"They see what's happening on all our business fronts," president and COO Sean Henry said of the team's business partners. "It's just a whole different mindset."
Last season, for instance, the team identified 15 of its 41 home dates, many of which included Saturdays, and focused its marketing attentions on selling out those games (which it did plus one other). Now the team has taken Saturdays off as single-game ticket options and are using them to leverage more multiple game sales, so fans wanting some of the remaining tickets for peak games have to buy three other games.
"I think that's a real sign of growth and maturity," Cogen said.
"These are benchmarks in black and white that say we are gaining some traction, that we are doing the right thing."
Cogen and Henry arrived in Nashville within days of each other about 18 months ago.
Cogen was president of both the Dallas Stars and MLB's Texas Rangers before coming to Nashville, while Henry was with the Tampa Bay Lightning for 11 years. Both Dallas and Tampa represent non-traditional markets that had to work diligently to incorporate hockey into the fabric of the sporting community. Both markets were assisted in no small way by winning championships, Dallas in 1999 and the Lightning in 2004.
A new ownership group in Nashville, almost all of whom were season-ticket holders from the team's arrival for the 1998-99 season, has made it clear to their new business executives that they have a single-minded purpose: to make Nashville a Stanley Cup winner.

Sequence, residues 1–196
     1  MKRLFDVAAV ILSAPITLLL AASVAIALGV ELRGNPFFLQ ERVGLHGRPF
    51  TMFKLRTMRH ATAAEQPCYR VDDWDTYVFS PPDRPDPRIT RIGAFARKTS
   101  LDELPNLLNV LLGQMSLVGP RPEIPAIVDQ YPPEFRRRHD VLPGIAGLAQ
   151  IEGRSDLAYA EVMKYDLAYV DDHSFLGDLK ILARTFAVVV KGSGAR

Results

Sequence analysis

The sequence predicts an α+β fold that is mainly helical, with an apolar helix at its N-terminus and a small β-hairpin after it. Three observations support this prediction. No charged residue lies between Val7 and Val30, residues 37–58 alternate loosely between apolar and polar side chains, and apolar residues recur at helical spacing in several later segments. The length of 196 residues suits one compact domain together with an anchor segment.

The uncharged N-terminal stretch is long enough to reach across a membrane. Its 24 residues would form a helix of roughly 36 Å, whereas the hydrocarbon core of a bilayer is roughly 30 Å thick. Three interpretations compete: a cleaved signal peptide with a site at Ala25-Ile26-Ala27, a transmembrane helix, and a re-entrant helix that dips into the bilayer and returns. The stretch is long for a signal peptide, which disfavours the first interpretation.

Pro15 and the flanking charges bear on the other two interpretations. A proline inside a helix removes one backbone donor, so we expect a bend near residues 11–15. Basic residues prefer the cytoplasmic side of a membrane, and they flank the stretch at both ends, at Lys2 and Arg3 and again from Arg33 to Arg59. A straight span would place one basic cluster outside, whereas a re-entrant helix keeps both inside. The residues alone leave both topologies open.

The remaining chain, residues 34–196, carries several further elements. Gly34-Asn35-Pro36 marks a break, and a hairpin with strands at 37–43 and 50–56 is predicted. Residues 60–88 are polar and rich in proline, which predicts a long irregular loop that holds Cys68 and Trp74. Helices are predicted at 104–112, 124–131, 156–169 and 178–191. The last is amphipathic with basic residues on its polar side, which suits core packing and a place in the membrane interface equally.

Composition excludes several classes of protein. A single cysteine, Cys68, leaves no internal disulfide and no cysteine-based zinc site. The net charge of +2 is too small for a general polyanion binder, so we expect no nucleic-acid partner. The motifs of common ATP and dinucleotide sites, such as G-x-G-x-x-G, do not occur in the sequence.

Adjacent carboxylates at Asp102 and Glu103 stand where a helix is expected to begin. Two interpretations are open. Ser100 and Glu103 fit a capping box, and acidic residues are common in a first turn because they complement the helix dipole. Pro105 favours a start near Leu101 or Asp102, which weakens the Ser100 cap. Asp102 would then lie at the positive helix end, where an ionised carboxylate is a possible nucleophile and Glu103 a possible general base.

And the right thing -- as mandated by ownership -- is to build a championship team.
Last year's sellouts and revenue increases, for instance, begat Mike Fisher, Cogen said.
This year's sellouts and revenue increases? Well, Poile added veteran Cup-winning defenseman Hal Gill and forwards Andrei Kostitsyn and Paul Gaustad. And, of course, if everything goes according to plan those monies will help ink Suter and Weber and solidify this team as a Cup contender for years to come.
If everything goes according to plan.
Nashville is no different than many markets where there is a symbiotic relationship between the job that Poile does in putting a competitive team on the ice and the job that those selling the Predators do.
Expectations for this team are at an all-time high after last year's playoff run and with the team now being in contention to earn home-ice advantage in the first round of the playoffs and possibly the Central Division crown.
The buzz around the city is palpable; fans sporting Predators gear, local bars and restaurants with placards supporting the team and television screens tuned to hockey even when the Predators aren't playing.
The buzz runs the gamut from young to old.
Back in the day, the Dallas Stars blazed a trail by building sheets of ice and sponsoring youth hockey throughout the Dallas area. Those days, what Cogen calls the "halcyon days" of the Stars, are hard to replicate now given the rising cost of brick-and-mortar facilities. That said, the team about once a month discusses with some entrepreneur the potential of building more ice surfaces in the Nashville area to accommodate the growing demand.